Blue Origin was founded by Jeff Bezos, better known for starting Amazon, to lower the cost of space travel. Unlike SpaceX, Blue Origin does have its own astronauts.
Blue Origin astronauts get to space using the New Shepard reusable rocket. You only need a few days of training with Blue Origin to become an astronaut.
To become a Blue Origin astronaut, you can do one of the following:
- Fill out an application on the Blue Origin website.
- Join the Club For The Future.
Being selected as a Blue Origin astronaut is currently a long shot because flight slots are limited. Most recent Blue Origin astronauts have been wealthy individuals like Jeff Bezos himself, famous actors like William Shatner from Star Trek fame, and sponsored citizen astronauts selected by Space For Humanity.
Becoming an astronaut: transferable skills
Other minimum requirements for working at NASA include three basic skills:
- Flexibility, in dealing with irregular work days, (space) travel, and being away from loved ones and family
- The ability to remain calm and manage stress
- Strong learning skills
- Willingness to participate in scientific experiments
Knowing more than one language can be really helpful in space. For example, Russian is considered the second official language of the ISS. However, this is not mandatory since there will be plenty There will be no shortage of opportunities to learn foreign languages as an astronaut.
Astronauts need to have good critical thinking skills. This is not just for scientific experiments and maintenance carried out in space but also for troubleshooting issues when things don’t go as planned. ☄️
An astronaut must be able to communicate in simple words to an audience of adults and children their experiences and their knowledge, without forgetting the emotions of being in space.
An astronaut's ability to react is physical, technical, and emotional. NASA seeks candidates who can make the right decision in a very short time by demonstrating excellent stress and risk management skills.
By the way, those who are accustomed to working in high-risk settings, such as the military or technicians working in emergencies, and those involved in extreme sports will have a similar mindset.
An astronaut team is composed of a set of specialized professionals with interdisciplinary backgrounds: biologists, physicists, mathematicians, engineers, botanists, test pilots, and computer scientists.
Knowing how to work as a team is therefore critical to ensuring the success of a mission and the well-being of all crew members. Another very important aspect is the constant willingness to learn.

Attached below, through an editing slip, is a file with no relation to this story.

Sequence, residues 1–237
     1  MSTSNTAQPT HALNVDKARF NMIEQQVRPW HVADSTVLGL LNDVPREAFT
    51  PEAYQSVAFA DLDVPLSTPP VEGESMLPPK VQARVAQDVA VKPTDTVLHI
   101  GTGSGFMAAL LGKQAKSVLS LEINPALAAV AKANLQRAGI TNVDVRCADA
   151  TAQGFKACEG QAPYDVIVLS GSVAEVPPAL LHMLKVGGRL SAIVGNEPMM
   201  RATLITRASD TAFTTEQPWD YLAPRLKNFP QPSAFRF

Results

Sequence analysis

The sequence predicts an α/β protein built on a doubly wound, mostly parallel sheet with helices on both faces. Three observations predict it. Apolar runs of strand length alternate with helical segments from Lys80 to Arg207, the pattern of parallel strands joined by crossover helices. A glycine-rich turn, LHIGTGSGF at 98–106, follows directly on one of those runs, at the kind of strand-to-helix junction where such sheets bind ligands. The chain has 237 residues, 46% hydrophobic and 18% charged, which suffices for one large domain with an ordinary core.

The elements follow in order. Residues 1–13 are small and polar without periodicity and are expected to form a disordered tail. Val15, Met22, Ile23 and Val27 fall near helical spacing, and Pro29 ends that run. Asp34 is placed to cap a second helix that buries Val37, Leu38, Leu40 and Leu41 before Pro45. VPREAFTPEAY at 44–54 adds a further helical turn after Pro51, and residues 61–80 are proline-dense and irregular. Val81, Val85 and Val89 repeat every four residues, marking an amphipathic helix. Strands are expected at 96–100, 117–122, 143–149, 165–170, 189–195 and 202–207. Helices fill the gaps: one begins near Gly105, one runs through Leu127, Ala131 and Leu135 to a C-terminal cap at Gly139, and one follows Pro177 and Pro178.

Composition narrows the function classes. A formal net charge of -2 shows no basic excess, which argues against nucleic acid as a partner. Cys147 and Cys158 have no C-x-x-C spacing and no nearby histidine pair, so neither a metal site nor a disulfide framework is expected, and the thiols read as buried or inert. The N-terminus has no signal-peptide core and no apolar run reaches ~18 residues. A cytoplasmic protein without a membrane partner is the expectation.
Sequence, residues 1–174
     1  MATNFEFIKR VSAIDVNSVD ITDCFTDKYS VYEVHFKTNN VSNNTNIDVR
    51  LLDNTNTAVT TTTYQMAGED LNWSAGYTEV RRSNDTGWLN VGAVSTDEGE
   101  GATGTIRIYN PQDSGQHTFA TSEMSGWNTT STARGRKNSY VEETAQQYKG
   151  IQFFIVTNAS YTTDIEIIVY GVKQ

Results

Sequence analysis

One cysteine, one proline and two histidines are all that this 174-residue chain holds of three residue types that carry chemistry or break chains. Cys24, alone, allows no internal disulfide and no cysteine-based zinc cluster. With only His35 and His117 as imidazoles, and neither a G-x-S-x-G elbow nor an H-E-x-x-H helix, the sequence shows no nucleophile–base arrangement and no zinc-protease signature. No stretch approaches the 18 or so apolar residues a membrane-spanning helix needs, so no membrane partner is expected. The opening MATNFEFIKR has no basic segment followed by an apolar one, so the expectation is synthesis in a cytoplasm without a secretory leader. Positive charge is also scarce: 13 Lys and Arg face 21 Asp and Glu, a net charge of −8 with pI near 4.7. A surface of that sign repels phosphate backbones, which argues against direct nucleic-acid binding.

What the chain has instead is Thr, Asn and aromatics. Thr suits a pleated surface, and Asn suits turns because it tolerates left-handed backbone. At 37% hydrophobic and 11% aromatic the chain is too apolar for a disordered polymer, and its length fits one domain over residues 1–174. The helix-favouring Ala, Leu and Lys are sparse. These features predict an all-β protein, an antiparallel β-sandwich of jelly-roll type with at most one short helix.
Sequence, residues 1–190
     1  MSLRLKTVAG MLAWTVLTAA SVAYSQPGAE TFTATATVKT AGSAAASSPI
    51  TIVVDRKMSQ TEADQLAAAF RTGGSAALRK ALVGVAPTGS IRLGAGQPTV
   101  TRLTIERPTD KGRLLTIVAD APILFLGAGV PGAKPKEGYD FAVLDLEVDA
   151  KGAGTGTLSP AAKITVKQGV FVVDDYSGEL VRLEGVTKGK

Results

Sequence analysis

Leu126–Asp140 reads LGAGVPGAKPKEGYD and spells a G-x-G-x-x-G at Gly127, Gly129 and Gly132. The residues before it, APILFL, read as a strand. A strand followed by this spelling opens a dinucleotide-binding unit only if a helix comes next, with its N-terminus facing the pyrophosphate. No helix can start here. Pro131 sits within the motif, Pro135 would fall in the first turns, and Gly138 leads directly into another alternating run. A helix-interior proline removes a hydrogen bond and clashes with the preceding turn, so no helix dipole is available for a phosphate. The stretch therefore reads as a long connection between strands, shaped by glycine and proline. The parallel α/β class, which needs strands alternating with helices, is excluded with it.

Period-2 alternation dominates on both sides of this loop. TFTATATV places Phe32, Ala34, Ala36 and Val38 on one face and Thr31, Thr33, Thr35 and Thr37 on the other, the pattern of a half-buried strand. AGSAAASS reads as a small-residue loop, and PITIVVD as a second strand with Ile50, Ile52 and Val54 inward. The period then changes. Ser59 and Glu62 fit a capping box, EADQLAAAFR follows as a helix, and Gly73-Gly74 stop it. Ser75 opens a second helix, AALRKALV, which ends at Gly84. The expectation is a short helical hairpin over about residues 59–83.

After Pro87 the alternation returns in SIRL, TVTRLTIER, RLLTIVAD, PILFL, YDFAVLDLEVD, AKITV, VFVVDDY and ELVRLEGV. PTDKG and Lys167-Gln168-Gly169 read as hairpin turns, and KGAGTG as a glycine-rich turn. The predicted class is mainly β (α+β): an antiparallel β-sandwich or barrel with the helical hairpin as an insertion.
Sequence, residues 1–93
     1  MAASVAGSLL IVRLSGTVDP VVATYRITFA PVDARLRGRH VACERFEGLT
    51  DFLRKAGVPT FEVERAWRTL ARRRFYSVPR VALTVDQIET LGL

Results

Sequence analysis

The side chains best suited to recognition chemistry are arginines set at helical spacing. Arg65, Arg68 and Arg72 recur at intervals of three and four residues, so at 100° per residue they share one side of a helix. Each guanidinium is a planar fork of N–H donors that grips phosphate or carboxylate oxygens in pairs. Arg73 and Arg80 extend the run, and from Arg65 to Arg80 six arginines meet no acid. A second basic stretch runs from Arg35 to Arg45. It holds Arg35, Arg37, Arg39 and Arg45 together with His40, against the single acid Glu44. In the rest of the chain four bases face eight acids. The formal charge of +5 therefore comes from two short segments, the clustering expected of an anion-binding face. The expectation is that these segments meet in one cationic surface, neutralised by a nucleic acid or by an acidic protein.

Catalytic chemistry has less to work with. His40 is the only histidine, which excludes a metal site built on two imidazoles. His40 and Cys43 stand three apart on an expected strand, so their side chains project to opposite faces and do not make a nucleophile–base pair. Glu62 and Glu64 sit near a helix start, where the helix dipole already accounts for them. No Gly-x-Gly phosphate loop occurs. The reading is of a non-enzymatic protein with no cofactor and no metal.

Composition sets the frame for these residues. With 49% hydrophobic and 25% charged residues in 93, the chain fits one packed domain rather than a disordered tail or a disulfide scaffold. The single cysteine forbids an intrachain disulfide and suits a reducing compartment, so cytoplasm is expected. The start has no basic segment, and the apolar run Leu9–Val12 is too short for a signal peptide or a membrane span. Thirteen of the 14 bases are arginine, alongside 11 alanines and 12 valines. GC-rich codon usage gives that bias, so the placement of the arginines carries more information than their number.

Psychological and physical requirements
Once selected, astronauts will have to undergo a period of education and training, including demanding physical training. Don't forget that going into space requires demonstrating strong physical endurance to weightlessness and microgravity. 🧑🚀
Those who already have significant flying experience are definitely at an advantage, but those who do water sports such as scuba diving also have some transferable skills!
In the past, there were also precise physical requirements such as minimum and maximum height that have now changed. A recent announcement broadened the physical requirements for the astronaut program, making the job more inclusive.
How much does an astronaut earn?
NASA Astronauts are paid according to a government pay scale. Astronauts are placed on the GS-12 and 13 grades, according to the Office of Personnel Management.
This means that astronauts can earn anywhere between $66K and $100K over their career. The exact pay for an astronaut depends on their experience, professional qualifications, and promotions. It’s clear that people don’t become astronauts for the money, there are deeper motivations that drive those who go where not many humans have gone before.
How to support your little astronaut
To help your children become astronauts you can:
⭐ Encourage curiosity around STEM subjects. Consider online tutoring in math and science for your child.
⭐ Encourage both their academic and athletic sides. This will help them develop into a well-rounded person.
⭐ Get your child to be part of groups, such as Boy or Girl Scouts, to foster their teamwork and communication skills.
⭐ Consider enrolling your child in space camp or a similar program to foster their interest in applied STEM topics.